Measure would ban anti-LGBT discrimination in Houston

Charter amendment could also allow DP benefits for city workers

DANIEL WILLIAMS  |  Contributing Writer

HOUSTON — Long-brewing plans to place a city-wide non-discrimination policy before Houston voters became public this week.

Since December a coalition of organizations and leaders have been working to draft a city charter amendment that would make it illegal to discriminate in housing, employment or public accommodations on the basis of  “age, race, color, creed, religion, national origin, ancestry, disability, marital status, gender, gender identity or expression, sexual orientation, or physical characteristic.”

The amendment would also remove anti-LGBT language added to the Houston city charter in 1985 and 2001 — which could allow the City Council to vote to offer health benefits to the domestic partners of municipal employees.

Houston Mayor Annise Parker, who famously became the only out LGBT person elected mayor of a major American city in 2009, has declined to comment on the proposed charter amendment until the language is finalized. She told the Houston Chronicle: “I believe it’s important for the city of Houston to send a signal to the world that we welcome everybody and that we treat everybody equally, and depending on the elements of what was actually in it, I might or might not support it,”

According to Equality Texas Executive Director Dennis Coleman, the prospect of Houston voters approving the non-discrimination amendment has ramifications for efforts to pass similar measures in the state Legislature.

“Nondiscrimination in Houston builds a better case for us when we go for nondiscrimination in Austin,” said Coleman. “To be able to tell representatives that they represent areas that already support these efforts is very helpful.”

The cities of Austin, Dallas and Fort Worth all already have similar nondiscrimination ordinances and offer DP benefits to employees.

But Houston’s form of governance makes this effort unique. While the City Council is empowered to pass city ordinances covering issues of discrimination, they can be overturned by popular vote if those opposing the ordinance collect 20,000 signatures to place the issue on the ballot.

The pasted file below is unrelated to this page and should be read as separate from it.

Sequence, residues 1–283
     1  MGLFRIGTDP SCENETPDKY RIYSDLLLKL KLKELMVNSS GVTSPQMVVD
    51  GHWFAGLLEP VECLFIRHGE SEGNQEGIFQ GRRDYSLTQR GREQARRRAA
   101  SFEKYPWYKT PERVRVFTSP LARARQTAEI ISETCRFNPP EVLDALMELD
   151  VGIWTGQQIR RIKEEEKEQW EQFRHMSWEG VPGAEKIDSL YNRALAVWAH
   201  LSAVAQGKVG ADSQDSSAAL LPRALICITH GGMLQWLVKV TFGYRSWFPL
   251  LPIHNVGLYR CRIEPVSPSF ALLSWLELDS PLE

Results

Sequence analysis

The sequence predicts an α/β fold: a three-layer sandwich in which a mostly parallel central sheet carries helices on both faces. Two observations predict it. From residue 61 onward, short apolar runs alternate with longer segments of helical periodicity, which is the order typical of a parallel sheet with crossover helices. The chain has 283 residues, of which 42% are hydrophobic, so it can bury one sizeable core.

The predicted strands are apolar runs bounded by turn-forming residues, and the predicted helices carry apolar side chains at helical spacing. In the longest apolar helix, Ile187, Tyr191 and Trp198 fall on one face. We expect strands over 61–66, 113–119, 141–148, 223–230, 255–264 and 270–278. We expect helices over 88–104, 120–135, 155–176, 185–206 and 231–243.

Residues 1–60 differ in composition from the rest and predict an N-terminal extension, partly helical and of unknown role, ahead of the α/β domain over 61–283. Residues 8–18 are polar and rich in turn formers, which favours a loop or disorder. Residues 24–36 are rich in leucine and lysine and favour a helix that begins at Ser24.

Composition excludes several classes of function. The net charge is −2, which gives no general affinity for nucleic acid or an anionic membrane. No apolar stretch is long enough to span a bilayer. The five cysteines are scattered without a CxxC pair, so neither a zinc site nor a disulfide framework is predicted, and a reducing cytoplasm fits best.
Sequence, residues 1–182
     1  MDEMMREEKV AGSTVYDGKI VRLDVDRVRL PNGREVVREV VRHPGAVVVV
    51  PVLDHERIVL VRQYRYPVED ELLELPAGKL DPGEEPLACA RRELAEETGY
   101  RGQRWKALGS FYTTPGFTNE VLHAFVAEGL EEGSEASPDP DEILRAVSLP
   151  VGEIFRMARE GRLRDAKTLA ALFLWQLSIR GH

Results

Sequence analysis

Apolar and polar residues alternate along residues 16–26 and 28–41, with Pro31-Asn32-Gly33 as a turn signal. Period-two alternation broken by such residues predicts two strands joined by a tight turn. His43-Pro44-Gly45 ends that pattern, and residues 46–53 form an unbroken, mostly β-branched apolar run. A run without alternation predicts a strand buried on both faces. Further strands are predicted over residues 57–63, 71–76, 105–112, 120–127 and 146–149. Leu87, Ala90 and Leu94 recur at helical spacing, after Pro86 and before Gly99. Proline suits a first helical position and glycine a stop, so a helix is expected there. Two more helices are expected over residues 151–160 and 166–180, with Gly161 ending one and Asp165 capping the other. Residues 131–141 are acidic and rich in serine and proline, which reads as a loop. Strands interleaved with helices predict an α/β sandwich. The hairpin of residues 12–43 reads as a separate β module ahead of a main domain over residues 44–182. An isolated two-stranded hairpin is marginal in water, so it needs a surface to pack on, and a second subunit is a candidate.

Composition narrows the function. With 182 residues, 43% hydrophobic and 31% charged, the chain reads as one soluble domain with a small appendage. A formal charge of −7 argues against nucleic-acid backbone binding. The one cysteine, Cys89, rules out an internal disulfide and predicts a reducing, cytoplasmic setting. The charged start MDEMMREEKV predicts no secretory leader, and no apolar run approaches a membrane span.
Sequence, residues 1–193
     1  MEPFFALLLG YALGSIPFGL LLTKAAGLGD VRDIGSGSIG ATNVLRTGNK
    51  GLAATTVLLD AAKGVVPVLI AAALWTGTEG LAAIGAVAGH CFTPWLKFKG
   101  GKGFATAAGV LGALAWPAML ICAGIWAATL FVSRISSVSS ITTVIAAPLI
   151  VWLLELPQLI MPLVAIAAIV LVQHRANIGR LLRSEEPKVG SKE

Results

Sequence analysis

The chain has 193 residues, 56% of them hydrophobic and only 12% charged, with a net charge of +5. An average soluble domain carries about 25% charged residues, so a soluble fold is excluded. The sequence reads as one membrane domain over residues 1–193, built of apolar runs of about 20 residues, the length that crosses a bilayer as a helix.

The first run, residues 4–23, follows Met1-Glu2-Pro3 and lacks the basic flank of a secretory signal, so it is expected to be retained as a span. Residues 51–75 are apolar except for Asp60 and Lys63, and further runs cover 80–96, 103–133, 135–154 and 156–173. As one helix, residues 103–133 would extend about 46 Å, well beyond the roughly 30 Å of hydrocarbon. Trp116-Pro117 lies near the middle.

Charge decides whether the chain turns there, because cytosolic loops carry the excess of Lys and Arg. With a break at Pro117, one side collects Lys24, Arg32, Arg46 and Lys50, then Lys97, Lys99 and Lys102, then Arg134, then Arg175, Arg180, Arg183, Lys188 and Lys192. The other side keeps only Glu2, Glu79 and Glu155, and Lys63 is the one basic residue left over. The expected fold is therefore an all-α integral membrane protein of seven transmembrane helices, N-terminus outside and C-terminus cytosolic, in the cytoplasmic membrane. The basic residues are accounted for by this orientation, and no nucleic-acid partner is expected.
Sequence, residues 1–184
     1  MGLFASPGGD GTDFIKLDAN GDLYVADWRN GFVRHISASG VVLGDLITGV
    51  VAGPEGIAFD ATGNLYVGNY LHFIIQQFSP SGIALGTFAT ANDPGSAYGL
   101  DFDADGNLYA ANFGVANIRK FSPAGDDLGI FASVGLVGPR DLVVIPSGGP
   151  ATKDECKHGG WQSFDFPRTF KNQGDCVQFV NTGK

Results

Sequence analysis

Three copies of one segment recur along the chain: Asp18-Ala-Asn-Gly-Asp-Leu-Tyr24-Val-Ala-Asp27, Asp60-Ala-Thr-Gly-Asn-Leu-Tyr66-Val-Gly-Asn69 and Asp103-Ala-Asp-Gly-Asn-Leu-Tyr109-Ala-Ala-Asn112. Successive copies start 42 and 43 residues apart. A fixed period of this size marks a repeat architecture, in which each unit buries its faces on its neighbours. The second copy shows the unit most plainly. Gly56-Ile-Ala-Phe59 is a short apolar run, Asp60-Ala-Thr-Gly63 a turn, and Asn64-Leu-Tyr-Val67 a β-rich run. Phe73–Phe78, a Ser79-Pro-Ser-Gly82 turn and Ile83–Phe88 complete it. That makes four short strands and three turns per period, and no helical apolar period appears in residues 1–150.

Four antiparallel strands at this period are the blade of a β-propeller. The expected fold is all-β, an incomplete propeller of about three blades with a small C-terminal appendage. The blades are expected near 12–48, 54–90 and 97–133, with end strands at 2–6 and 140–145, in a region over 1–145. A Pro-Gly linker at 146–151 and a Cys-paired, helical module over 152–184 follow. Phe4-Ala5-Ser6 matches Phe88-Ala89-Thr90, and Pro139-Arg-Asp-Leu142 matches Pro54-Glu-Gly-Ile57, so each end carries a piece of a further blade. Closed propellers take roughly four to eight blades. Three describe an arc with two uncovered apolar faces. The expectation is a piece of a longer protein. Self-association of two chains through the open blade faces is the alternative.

That was the case in 1985 after Houston Mayor Kathy Whitmire pushed through the council the city’s first protections for gay and lesbian Houstonians (no protections were provided for the bisexual or transgender communities).

A coalition of right-wing voters led by Louie Welch, then president of the Houston Chamber of Commerce, was able to place the issue on a city-wide ballot, claiming the policy “promoted the homosexual lifestyle.” The group also recruited a “straight slate” of candidates to run against City Council members who had favored the protections, with Welch running against Whitmire.

The public vote on nondiscrimination was held in June 1985 and Welch’s forces prevailed, but the city’s temperament had changed by the time of the City Council and mayoral races in November. A comment of Welch’s that the solution to the AIDS crisis was to “shoot the queers” was aired on local TV and few in Houston wished to be associated with him after that. The “straight slate” failed to capture a single City Council seat and Whitmire remained mayor, but the defeat of the city’s nondiscrimination policy remained.

By 1998 Houston had changed: Annise Parker was serving as the city’s first out lesbian city council member and Houston boasted the state’s first out gay judge, John Paul Barnich. Mayor Lee Brown, sensing the change, issued an executive order protecting LGBT city employees from employment discrimination. But the city had not changed that much. Councilman Rob Todd led efforts to fight the order in court, arguing that since voters rejected city-wide protections from discrimination in 1985, it was inappropriate for the mayor to institute them without voter approval. The city spent the next three years defending the policy in court, finally emerging victorious.